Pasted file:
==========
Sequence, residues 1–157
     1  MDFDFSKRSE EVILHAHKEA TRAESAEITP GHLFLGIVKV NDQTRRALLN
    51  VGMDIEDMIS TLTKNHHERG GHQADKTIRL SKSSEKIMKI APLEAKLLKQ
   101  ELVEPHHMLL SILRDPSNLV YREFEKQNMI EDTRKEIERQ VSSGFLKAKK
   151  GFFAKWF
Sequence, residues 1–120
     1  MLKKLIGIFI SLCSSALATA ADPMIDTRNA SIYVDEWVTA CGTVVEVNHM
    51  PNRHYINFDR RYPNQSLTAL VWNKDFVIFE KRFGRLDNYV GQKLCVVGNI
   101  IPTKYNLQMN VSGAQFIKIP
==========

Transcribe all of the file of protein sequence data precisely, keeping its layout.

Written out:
Sequence, residues 1–157
     1  MDFDFSKRSE EVILHAHKEA TRAESAEITP GHLFLGIVKV NDQTRRALLN
    51  VGMDIEDMIS TLTKNHHERG GHQADKTIRL SKSSEKIMKI APLEAKLLKQ
   101  ELVEPHHMLL SILRDPSNLV YREFEKQNMI EDTRKEIERQ VSSGFLKAKK
   151  GFFAKWF
Sequence, residues 1–120
     1  MLKKLIGIFI SLCSSALATA ADPMIDTRNA SIYVDEWVTA CGTVVEVNHM
    51  PNRHYINFDR RYPNQSLTAL VWNKDFVIFE KRFGRLDNYV GQKLCVVGNI
   101  IPTKYNLQMN VSGAQFIKIP